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SC Rewind: A Living History Book

Published: January 9, 2021 11:31 am ET

Last Comment: January 14, 2021 12:47 pm ET | 11 Comment(s) | Jump to Comments

In this week's edition of Rewind, Robert Smith tells of his recent find; a real living, walking, talking history book. His piece revolves around a gentleman named Bill Lewis, a lifelong horseman from the Cape Breton area of Nova Scotia. Bill's over 80 years of involvement in the area's favourite sport and pastime has helped to make him the unofficial resident authority on harness racing.


With a young 15-year-old Bill Lewis (far left) leading the mare Grace Abbe, his father and driver George Lewis on the far right walk toward the finish line at Sydney, N.S. in this 1945 photograph. A group of family members and other local children lend a helping hand to make it to the finish line. An unfortunate accident resulting in a badly mangled sulky wheel eliminated the Lewis entry from the race but the aim was to finish the race, by whatever means it took.

Just recently I made an amazing discovery that really piqued my interest. I can't take too much credit for the "find" as this gentleman is not exactly a complete unknown. After all he's been around gathering up all this information for nearly 92 years. For the most part he has stored his "treasures" in a very safe and sensible place; his memory bank. Thanks to a lead from a local writer and senior instructor at Cape Breton University named Paul MacDougall, I have struck up a "friendship" with this amazing man. We have never met in person but we have enjoyed a few long distance phone calls. He was even kind enough to share some of his many old photographs taken around the local racetracks with me. I have to say that the one that appears at the top of today's story ranks right up there in my "favourites" category.

William Arthur Lewis, best known as "Bill", came by his life calling naturally; both as a horseman and a "historian". He was the son of George Lewis, a well known and successful horseman who spent a lifetime racing against the best the Maritime version of harness racing had to offer way back when. For many years after he quit training and driving horses, George was still involved as he drove the starting gate for well over 20 years. He's also related to many others in the region who have been involved in the sport. Bill has spent his time wisely, watching, enjoying and sharing his love of harness racing.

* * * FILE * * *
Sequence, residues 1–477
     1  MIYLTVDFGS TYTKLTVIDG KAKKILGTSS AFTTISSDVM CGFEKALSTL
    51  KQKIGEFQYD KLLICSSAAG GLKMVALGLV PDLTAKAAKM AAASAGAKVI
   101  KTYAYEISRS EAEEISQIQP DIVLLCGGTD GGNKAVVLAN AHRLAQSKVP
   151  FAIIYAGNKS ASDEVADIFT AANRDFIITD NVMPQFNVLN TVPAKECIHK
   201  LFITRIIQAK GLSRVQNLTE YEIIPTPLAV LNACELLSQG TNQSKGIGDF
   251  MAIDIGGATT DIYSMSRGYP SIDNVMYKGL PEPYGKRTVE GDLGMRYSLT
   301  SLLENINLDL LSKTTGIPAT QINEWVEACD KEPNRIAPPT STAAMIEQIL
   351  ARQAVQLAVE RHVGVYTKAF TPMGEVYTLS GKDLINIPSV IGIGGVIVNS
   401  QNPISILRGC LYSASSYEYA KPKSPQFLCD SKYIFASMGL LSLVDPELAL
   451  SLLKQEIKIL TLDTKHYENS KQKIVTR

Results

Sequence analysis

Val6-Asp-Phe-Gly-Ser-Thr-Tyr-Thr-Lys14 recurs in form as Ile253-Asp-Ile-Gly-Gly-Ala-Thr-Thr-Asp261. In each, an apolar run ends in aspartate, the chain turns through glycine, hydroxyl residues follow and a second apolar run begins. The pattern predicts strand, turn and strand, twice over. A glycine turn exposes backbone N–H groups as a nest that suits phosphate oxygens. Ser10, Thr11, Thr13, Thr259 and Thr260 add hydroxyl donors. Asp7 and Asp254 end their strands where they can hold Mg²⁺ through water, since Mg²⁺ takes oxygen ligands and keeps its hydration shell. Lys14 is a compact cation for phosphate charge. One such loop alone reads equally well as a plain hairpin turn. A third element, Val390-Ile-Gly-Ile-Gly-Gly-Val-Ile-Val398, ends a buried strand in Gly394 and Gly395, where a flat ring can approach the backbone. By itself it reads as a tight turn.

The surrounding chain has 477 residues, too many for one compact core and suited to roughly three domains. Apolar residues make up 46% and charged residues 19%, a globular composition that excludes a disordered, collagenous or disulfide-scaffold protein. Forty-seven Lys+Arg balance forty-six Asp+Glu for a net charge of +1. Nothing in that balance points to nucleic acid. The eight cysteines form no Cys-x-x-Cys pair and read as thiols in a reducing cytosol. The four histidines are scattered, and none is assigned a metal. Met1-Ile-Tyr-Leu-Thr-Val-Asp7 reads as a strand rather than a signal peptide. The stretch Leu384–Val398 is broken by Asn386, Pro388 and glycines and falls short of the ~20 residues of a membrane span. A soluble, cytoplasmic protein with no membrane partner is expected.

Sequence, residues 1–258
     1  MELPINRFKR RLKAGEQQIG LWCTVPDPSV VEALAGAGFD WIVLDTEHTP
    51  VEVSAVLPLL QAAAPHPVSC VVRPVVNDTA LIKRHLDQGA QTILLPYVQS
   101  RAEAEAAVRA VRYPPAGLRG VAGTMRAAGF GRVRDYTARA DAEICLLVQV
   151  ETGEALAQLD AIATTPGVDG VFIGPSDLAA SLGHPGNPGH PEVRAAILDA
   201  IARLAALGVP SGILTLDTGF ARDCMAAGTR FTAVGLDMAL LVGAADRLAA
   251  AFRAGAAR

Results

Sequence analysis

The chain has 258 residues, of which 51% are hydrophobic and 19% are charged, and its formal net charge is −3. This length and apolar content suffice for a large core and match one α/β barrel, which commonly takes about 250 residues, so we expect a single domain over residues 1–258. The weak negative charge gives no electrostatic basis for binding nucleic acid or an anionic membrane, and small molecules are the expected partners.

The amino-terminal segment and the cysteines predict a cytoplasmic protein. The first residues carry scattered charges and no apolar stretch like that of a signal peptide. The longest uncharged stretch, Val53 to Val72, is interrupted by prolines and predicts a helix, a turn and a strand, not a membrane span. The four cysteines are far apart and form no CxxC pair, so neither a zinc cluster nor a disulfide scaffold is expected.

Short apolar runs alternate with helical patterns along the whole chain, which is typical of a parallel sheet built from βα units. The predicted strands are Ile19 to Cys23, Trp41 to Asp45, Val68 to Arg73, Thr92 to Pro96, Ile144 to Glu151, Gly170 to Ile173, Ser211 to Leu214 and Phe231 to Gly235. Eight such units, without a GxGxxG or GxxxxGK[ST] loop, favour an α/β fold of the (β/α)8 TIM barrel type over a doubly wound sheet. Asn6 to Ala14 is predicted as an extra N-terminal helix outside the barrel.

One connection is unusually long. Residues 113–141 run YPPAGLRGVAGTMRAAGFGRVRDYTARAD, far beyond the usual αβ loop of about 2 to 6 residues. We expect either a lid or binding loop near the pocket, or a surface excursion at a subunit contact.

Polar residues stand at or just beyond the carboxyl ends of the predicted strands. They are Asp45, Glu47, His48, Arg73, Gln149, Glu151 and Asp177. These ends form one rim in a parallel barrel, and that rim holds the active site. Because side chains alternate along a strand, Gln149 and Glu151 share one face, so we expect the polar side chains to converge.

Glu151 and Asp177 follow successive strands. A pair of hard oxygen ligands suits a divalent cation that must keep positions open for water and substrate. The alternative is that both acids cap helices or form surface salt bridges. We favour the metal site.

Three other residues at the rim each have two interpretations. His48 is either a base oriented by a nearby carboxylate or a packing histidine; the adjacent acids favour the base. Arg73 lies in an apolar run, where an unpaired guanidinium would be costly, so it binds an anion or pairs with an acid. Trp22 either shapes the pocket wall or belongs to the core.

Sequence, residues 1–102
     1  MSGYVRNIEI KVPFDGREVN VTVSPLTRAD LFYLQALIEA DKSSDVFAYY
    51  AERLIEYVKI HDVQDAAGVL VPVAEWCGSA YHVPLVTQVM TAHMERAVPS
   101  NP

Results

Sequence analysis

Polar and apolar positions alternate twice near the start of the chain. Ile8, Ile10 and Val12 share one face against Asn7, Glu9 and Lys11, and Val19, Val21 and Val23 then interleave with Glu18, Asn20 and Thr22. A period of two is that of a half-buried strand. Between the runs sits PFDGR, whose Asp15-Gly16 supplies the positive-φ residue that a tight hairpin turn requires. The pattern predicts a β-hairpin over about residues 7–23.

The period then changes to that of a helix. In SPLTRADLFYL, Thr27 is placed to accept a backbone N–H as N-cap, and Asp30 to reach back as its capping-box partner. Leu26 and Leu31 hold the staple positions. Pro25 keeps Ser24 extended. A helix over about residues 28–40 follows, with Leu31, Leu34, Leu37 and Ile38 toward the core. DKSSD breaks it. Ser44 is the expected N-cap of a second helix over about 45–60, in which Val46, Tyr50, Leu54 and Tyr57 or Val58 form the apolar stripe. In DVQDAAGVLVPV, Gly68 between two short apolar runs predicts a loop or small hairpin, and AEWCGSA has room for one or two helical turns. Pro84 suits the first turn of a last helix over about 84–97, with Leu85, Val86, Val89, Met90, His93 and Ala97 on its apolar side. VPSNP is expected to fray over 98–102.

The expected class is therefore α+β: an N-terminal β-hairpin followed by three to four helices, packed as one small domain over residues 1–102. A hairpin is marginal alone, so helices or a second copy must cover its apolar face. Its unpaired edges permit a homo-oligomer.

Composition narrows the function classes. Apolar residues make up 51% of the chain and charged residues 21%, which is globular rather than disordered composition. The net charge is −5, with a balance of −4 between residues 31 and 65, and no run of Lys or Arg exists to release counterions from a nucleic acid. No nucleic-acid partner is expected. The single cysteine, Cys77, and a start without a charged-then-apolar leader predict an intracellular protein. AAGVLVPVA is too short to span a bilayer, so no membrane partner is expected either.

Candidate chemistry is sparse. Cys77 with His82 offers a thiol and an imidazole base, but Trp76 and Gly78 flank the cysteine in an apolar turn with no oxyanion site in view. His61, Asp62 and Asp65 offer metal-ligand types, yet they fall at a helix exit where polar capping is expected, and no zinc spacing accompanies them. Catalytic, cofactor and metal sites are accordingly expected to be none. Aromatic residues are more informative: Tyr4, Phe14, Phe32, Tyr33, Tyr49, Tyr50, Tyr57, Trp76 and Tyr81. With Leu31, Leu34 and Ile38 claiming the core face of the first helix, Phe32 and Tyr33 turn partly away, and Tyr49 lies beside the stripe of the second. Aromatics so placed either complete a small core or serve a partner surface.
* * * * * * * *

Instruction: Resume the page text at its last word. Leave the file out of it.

A very young Bill Lewis poses with his grandfather William George on the day he was about to make his first drive at the Sydney, N.S. track. He was wearing a driving outfit loaned to him by a local veteran horseman named Wes Vickers

A couple of years ago an article about Bill appeared in the Sydney Post Record written by the aforementioned Paul MacDougall who graciously allowed me to reprint a portion of his story.

"Bill Lewis told me he has been around horses and harness racing his entire life. The Lewis name, like Rankin, Ratchford, Sparling, Jabalee and a number of others, is synonymous with Cape Breton horse-owners and drivers. Bill is 90 years old; he looks 10 years younger at least. I've never met him before but I knew his pedigree. His father was George Lewis, his uncle was Al Lewis and Worrell Lewis was a cousin to George and Al. These names were famous among the maritime harness racing community decades ago.

"The sports pages of the Cape Breton Post often had them in the winner's circle and Earle Pemberton often wrote of their exploits in his sports paper, 'Punching with Pemberton,' second only to boxing. Buddy Lewis, a well-known boxer, was part of the same extended family and his son Buster was also a driver.

Back when Lewis’ family was big into racing, “everybody wanted to win.” According to Lewis, “everybody in New Waterford had a horse in the barn. New Waterford was full of old horses. People had a lot of fun with them.” Kids were always around the track, says Lewis. “They would follow my dad around. They loved being part of it all.”


The current day Bill Lewis is shown in his kitchen going over his collection of old racing photographs (Photo courtesy of Paul MacDougall)

Today at the age of nearly 92, Bill is still well and very much on the go including driving a car but "not as far away as I used to " he admits. He has been retired for many years after selling his auto dealership. He and his wife Wilda now live in an apartment and until just recently he was still attending his favourite races. "I just quit going to Northside mainly due to COVID; I was seeing too many people without masks so I gave it up for now."

Whenever Bill has the chance, he loves to visit with people who have an interest in harness racing. His memories go way back in time but he can rhyme off the names of horses and the owners and drivers that once populated the area with ease. He recalls when horses were shipped by railcar to many other spots in the Maritimes. He said "we used to spend a couple of days getting to where we were going, and the same to get back home. If it were happening now we could get there in 2 or 3 hours with all the modern roads we have today. But we wouldn't have near as much fun!